Is there something in the air in LA? [Other than the usual, that is.] For something is suddenly causing unusual, and unusually aggressive, behavior, much of it lethal. Neil McMahon’s new novel starts with three LA Times headlines, each a month apart: “Bizarre Rampage Leaves Judge in Critical Condition;” “Accused Celeb Heiress in Pool Accident;” and “CalTech Tragedy Saddens, Disturbs,” this last after a graduate student runs onto a freeway and is struck by more than one vehicle and killed. It appears that nearly 40 such incidents had been reported over the past year, with many more not having made the papers or other media. But when psychologist Tom Crandall’s brother jumps from a Malibu cliff, although he survives the fall, things obviously become much more personal; Tom has to try to find out what is going on. A faculty adjunct at a two-year community college, Tom is one of four siblings, all in their thirties, from a prominent and wealthy family, one that could be described as dysfunctional at best. He soon discovers that another brother, Paul, is financing a movie being made by a brilliant, albeit bizarre, Swedish physicist. That film is described as “a curious blend of elements, some traditional but modernized, and given a gloss of science that walked the edge of science fiction.” That same description could be applied to this novel. Paul has rented out a family property for the making of the film, and when Tom visits the scene he, as the reader, is unprepared for what he finds there. Full disclosure here: otherworldly, or even semi-otherworldly, doings are generally outside my comfort zone, my suspension of disbelief too greatly taxed thereby. And my mental abilities [no pun on the title intended] do not stretch to the worlds of physics, astrophysics, nanotechnology, or even science fiction. Admittedly I expected the plot triggers here to be off-putting. But I hasten to add that they were not, and I found myself intrigued, and challenged, by what the author has done here. It is an interesting, at times fascinating, and suspense-filled, tale, and one I recommend.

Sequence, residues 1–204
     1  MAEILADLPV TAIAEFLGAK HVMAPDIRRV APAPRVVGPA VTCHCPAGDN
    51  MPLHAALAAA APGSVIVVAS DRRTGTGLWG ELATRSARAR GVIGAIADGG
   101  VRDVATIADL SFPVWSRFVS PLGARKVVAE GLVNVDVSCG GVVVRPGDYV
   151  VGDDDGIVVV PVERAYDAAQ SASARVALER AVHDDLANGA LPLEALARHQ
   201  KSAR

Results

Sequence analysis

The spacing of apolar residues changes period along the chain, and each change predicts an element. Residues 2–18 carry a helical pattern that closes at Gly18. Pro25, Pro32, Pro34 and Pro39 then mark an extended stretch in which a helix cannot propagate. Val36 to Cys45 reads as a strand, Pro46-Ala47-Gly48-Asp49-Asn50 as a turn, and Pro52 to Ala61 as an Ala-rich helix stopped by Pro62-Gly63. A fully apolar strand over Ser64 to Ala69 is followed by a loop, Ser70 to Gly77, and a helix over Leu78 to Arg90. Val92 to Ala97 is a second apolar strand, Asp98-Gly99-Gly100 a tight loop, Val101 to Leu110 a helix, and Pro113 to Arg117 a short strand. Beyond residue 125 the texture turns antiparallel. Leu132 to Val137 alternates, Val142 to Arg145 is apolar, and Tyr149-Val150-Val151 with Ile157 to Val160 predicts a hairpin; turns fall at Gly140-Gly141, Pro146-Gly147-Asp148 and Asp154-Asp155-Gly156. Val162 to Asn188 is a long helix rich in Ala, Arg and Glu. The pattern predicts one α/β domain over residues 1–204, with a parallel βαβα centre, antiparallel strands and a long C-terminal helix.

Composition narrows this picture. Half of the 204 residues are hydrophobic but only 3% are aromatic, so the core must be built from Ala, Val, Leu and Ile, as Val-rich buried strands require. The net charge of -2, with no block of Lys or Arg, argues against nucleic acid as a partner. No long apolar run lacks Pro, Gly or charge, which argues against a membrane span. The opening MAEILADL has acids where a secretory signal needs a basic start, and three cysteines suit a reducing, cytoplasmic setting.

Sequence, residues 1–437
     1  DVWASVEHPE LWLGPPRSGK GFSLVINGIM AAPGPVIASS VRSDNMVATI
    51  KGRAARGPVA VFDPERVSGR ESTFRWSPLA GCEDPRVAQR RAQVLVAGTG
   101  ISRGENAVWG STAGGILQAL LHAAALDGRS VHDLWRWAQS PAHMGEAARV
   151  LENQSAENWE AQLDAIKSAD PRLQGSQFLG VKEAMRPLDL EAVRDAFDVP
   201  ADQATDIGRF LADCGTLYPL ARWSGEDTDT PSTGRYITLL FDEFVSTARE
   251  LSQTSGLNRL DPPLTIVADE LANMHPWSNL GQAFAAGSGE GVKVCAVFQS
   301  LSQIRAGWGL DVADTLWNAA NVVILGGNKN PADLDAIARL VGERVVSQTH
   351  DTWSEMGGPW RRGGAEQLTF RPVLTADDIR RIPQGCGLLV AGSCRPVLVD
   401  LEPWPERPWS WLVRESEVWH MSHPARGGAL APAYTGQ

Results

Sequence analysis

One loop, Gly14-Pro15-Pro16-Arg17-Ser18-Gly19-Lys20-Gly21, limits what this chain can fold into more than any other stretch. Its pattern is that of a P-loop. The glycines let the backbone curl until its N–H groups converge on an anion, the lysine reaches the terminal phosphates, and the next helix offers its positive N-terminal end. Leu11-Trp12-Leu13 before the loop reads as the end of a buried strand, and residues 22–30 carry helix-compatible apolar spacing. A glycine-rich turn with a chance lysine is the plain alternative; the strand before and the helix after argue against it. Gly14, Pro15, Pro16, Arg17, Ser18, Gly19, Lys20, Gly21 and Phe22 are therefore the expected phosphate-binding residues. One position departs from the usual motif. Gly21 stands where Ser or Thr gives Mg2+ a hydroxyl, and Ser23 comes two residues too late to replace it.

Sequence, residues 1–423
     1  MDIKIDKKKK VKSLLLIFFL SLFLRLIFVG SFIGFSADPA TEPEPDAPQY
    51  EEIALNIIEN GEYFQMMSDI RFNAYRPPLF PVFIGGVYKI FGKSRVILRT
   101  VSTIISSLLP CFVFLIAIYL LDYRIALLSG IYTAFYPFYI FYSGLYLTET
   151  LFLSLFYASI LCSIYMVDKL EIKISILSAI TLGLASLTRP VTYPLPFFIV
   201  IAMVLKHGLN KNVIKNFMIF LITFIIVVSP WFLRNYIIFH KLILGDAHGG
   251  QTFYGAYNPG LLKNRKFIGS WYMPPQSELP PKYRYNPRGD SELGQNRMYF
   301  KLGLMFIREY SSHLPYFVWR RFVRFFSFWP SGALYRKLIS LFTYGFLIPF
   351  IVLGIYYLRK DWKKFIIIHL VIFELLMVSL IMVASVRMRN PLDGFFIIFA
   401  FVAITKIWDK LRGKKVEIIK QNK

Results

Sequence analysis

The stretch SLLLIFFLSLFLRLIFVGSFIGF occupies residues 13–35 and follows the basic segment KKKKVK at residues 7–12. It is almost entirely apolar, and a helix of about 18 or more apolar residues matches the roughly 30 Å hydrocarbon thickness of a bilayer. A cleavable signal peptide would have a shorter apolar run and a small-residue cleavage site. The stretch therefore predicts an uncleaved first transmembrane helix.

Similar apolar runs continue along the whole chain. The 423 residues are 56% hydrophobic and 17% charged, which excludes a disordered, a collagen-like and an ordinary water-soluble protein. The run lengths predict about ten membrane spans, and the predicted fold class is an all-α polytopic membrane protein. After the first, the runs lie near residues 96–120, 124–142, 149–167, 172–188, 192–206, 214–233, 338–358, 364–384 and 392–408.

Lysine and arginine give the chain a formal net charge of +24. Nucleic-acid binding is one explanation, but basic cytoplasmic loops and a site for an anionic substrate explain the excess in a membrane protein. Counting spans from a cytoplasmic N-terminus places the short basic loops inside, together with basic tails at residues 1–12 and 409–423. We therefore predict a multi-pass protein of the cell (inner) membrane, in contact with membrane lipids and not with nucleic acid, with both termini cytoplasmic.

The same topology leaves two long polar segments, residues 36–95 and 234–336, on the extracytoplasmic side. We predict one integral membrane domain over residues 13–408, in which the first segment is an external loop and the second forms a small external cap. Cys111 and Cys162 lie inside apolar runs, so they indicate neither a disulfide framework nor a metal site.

he should stick to Montana